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Get into Grafting

Get into Grafting

Get into Grafting

Get into Grafting

The Definitive Primer to Grafting

Grafting is used to provide more fruit varieties, a longer growing season and more effective pollination by providing a means of propagating plants that do not come true from seed or do not root easily from cuttings. It is used to adapt plants to unfavorable soil or climatic conditions, to repair damaged trees, to control and prevent pests, to modify the growth of plants like with dwarf fruit trees, and even to change the entire top of a fruit bearing tree to another variety (a common practice in orchards, known as topworking. Grafting is a versatile, fascinating technique that is often referred to as “assisting” nature. If you’re like us – enthusiastic gardeners with very little hands-on experience in the ancient arts of grafting fruit trees and ornamental plants – you will be intrigued to learn more and try your own hand at grafting. For demonstration purposes, we will be referring to the Garrett Wade Set of Professional Grafting Tools. However, most of the information here is general to the grafting practice.

Conditions for Successful Grafting


Compatibility is the set of conditions that give rise to a durable graft or union joining living parts of similar but distinct plants. These parts are known as the scion and the root, or rootstock. The rootstock is the main plant onto which the graft will be made, usually chosen for its strong roots. The scion is the shoot (or shoots) that will be grafted onto the main plant, usually chosen for its flowers, fruit or foliage, as well as for pollination of the rootstock. Budding is performed in late summer using a single bud for the scion. The two most important conditions for compatibility are that the rootstock and the scion be very similar plants, and that the right parts of the stock and scion can be lined up at the graft. Apple shoots cannot be grafted onto a pear, for example, because even though they are similar, they are not similar enough to be compatible for grafting. The graft needs to be aligned properly so that it does not interrupt the essential transfer of fluid and nutrients at any time. The scion and stock also need to be aligned so that they can form a structural union as they heal together. The Pro Italian Grafting Tools use the same cutting blade for both stock and scion, so that there is a good match between the two surfaces.


The new graft must be protected from harmful infections and from drying out. This is achieved by covering the finished graft with grafting wax and/or tape.


The main season for grafting is between January and September, but in warmer regions it is also possible in October. Most grafts are made in late winter or late summer when temperatures are not extreme and the plant is not very active. The graft may have difficulty healing when temperatures are under about 64 and over about 90 degrees Fahrenheit. In hot, sunny weather it helps to protect the graft from the sun by wrapping it with white paper. Grafts made in fall just before the winter rest period will have to wait until the next spring for conditions to be right for the graft to be successful.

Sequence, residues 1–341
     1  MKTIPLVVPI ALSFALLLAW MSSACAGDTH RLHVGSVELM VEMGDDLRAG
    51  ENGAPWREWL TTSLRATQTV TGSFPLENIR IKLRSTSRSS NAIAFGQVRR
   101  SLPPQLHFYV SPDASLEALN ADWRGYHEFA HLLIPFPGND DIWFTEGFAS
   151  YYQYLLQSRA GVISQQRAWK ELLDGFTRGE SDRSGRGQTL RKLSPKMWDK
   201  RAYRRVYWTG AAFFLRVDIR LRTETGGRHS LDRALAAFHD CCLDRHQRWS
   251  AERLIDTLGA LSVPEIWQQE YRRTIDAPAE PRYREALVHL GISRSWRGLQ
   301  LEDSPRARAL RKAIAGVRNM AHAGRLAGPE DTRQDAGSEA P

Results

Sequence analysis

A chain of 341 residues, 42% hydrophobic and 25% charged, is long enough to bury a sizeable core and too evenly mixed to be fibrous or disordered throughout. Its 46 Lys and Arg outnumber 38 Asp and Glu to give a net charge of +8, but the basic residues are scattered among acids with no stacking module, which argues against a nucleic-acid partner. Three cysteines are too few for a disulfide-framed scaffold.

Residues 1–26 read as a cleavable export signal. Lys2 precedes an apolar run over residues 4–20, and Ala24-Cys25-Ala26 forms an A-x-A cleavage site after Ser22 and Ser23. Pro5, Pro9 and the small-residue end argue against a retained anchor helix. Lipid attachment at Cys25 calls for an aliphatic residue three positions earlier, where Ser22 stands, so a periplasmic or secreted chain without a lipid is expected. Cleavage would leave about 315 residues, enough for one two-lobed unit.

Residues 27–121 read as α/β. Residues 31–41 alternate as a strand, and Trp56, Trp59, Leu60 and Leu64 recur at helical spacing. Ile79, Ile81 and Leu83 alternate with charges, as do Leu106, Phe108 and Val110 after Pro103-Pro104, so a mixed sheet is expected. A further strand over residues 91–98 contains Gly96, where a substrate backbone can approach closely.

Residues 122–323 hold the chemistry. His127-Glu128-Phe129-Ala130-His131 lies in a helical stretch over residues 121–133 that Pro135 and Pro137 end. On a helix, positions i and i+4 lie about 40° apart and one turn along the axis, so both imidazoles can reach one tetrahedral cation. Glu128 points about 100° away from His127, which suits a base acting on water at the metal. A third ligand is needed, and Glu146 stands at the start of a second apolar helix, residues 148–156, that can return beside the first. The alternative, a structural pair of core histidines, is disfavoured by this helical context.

The direction of growth should be consistent across the graft: the scion or bud should remain the right way round.. Do not reverse the natural direction of growth of either the root or the scion.

Apart from compatibility with the scion, the stock should be chosen for the local climate and terrain, and for its strong root system. The scion should be chosen from a healthy parent plant.

The Types of Grafts Possible with Grafting Tools

There are two main categories: one category includes V and omega grafting in which the scion is a cutting with more than one bud on it, and the other is a variation of grafting called T-grafting or budding in which a single bud is inserted into the stock. Budding is generally considered to be the more difficult technique, though the Pro Italian Grafting Tool makes it simpler than the traditional method. In all cases the tool permits accurate, matching cuts to be easily made in both stock and scion or bud because the same blade is used for both stock and scion.


Scion Grafting

Usually done in late winter or very early spring before the start of the year’s growth, scion grafting is more common than bud grafting. The scion consists of about 4 to 5 inches of shoot that has two to three buds. Shoots for use as scions should be cut before the buds start their springtime swelling. They can be cut in winter and kept in a fridge, tightly wrapped in a plastic bag. V grafts are better for grafts made in late winter and early spring. Omega grafts are better for grafts made in late fall (the beginning of the plant’s rest season), helping the graft survive the winter. Roses and vines are most suitable for grafting with the omega cutter. The Pro Italian Grafting Tool performs both V grafts and interlocking Omega grafts.


Budding Grafting

This is a type of grafting in which a single bud is inserted into the side of the stock. Because only one bud is used this can be a very economical method for large scale production, or when there is limited material available. It is usually carried out in the spring or late summer when the stock is out of dormancy, with both dormant and developing buds, depending on the species. When dormant buds are recommended they should be cut during the dormant season and kept in a fridge, tightly wrapped in plastic, until used.

The Bud is the portion (or scion) found at the base of each leaf stock. The Pro Italian Grafting Tool T- Blade neatly trims a single bud as well as cuts an identical shaped notch in the stock.